20141222 Why was our CPF not invested in Singapore government securities?

CPF members have been told our CPF has been invested in Special Singapore Government Securities (SSGS).

In July, DPM Tharman confirmed this and said: “Before we amended the Constitution in 1992, CPF monies, which were invested in Special Singapore Government Securities (SSGS), could be used by the Government to finance infrastructure – such as road infrastructure, Singapore’s economic infrastructure and social infrastructure”.

But according to the MAS, there were a number of years which our CPF was not invested in SSGS. Since 1981, CPF net contributions were positive every year except in 1993, 2000 and 2001. With reference to the table (below):

1. Holdings of government bonds (SSGS) fell by $422 million in 1984 despite the positive net contributions.
2. SSGS holdings fell a further $817 million the following year in 1985 despite an increase in net CPF contributions.
3. SSGS holdings remained unchanged in 1986 despite an increase in net CPF contributions.
4. SSGS holdings was unchanged in 1990 and 1991 despite an increase in net CPF contributions.

Table 4 of MAS Occasional Paper No. 11, March 1999 (page 18)

There are contradictions and I hope the government could clarify the following:

1 Why was our CPF not invested in SSGS as claimed?
2 Why was our CPF left idle as advanced deposit with the MAS for a number of years?

Perhaps the PAP has not been able to pay CPF members higher returns because not all our CPF was not invested?

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2 Responses to 20141222 Why was our CPF not invested in Singapore government securities?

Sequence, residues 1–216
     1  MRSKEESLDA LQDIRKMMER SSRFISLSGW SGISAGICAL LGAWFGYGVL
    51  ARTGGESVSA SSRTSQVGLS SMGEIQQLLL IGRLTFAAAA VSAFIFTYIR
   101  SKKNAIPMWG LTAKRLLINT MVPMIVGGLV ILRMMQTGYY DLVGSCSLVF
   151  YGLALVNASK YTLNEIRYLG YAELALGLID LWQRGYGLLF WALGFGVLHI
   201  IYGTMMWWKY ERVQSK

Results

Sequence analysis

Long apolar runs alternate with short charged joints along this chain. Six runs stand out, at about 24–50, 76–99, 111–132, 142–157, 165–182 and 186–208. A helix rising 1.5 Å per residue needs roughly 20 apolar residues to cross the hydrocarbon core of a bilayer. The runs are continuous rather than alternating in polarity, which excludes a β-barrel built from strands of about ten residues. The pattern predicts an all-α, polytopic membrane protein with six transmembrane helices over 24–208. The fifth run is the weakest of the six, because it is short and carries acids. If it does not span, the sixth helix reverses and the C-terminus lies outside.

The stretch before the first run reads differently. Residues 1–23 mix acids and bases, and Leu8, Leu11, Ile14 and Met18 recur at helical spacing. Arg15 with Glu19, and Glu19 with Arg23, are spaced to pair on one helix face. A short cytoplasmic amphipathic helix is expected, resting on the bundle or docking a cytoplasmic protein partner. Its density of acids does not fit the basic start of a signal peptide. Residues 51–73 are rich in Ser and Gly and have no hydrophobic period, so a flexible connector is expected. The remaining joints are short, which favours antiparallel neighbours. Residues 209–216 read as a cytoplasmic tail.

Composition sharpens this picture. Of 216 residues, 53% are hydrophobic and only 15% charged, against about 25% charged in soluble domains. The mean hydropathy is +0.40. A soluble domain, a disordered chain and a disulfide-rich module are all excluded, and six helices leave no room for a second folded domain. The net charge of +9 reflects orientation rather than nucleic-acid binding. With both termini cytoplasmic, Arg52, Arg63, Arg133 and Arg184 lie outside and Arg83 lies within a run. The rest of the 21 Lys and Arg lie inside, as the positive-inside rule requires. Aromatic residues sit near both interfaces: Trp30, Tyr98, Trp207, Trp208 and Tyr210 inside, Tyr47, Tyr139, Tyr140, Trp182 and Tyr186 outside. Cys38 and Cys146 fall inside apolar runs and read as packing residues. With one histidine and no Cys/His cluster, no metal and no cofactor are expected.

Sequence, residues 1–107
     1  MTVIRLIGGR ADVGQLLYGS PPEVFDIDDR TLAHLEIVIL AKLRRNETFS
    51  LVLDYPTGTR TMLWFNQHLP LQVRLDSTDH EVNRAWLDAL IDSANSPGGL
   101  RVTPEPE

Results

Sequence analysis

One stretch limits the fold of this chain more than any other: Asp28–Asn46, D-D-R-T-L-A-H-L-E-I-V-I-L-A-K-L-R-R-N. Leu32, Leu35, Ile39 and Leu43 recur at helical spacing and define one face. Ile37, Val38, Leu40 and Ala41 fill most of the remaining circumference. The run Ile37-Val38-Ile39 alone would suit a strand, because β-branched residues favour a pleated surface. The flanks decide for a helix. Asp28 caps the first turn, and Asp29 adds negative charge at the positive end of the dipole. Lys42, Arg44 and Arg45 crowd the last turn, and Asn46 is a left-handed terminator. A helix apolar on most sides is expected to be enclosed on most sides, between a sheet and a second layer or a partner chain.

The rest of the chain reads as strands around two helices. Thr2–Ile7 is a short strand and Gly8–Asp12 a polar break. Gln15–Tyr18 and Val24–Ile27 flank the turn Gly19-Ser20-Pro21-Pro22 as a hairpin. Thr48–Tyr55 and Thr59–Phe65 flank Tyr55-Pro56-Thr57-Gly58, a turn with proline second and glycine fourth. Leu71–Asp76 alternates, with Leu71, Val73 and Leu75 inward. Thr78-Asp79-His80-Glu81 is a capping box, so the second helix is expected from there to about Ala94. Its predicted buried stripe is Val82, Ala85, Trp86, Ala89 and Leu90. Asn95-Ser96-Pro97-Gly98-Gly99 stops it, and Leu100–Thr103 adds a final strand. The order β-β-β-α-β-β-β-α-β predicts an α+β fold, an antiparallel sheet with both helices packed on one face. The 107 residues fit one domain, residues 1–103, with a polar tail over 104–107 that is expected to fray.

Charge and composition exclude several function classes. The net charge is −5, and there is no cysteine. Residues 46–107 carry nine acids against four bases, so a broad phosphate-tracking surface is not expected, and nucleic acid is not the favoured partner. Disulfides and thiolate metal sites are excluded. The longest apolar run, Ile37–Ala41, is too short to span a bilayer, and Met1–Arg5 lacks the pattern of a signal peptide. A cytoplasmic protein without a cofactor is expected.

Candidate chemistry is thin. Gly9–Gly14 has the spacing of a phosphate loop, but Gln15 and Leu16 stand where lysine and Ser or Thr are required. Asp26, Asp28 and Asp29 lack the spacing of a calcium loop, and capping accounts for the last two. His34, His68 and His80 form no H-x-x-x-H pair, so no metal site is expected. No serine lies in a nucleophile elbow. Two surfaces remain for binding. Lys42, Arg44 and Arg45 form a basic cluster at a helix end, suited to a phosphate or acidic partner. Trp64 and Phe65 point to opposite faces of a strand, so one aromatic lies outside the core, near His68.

1. CK says:

    Hey Phillip, me again. Best is to check out the S$ yield curve in those years you questioned. For sure, in the 1st half of the 1980s, we had what was known as curve inversion where deposit rates were higher than bond yields. So it did made sense to leave the monies as advanced deposits at the MAS in order to earn a higher rate than bond yields. Do not recall there was curve inversion in 1990-91 though. The government likely out of inertial just kept doing the same thing.

    • phillip ang says:

      Hi : )
      Don’t think can find data for S$ but US$ (10 yr and 1 yr yield) available @ http://pensionpartners.com/blog/?p=684.
      Yield inversion is temporary. 10-year US bond yielded almost 16% in 1981 and if GIC MAS had made more money due to a yield inversion, then all the more it should not have paid CPF members only 6.5%.
      GIC PAP may appear to have made better returns by leaving our CPF as advanced deposits with the MAS but it is more likely to have lost out on the opportunity to make consistently higher long term returns.
      If GIC had consistently invested in US bonds between 1981 to 1991, it would have generated a return of 10% net of exchange rate loss in its bond portfolio.
      In 1981, the S n P was about 120 and by 1998, it had gained about 1000%. The $15 billion that was suddenly dumped into SSGS in 1987 would have probably made more money by being regularly invested.
      It doesn’t make any sense for SSGS holdings to jump more than 50%, from $13 billion to $28 billion. Only the PAP can confirm why it had withheld $15 billion from being invested in long term assets. But of course it wouldn’t.
      The game plan was for our CPF to be invested in SSGS and PAP is obligated to inform parliament of any deviation. CPF is not a blank cheque for the PAP. My fund manager needs to consult me on a change of plans.
      If PAP has acted in our interest and provided higher returns to CPF members, then of course this issue would not have been raised. 😦

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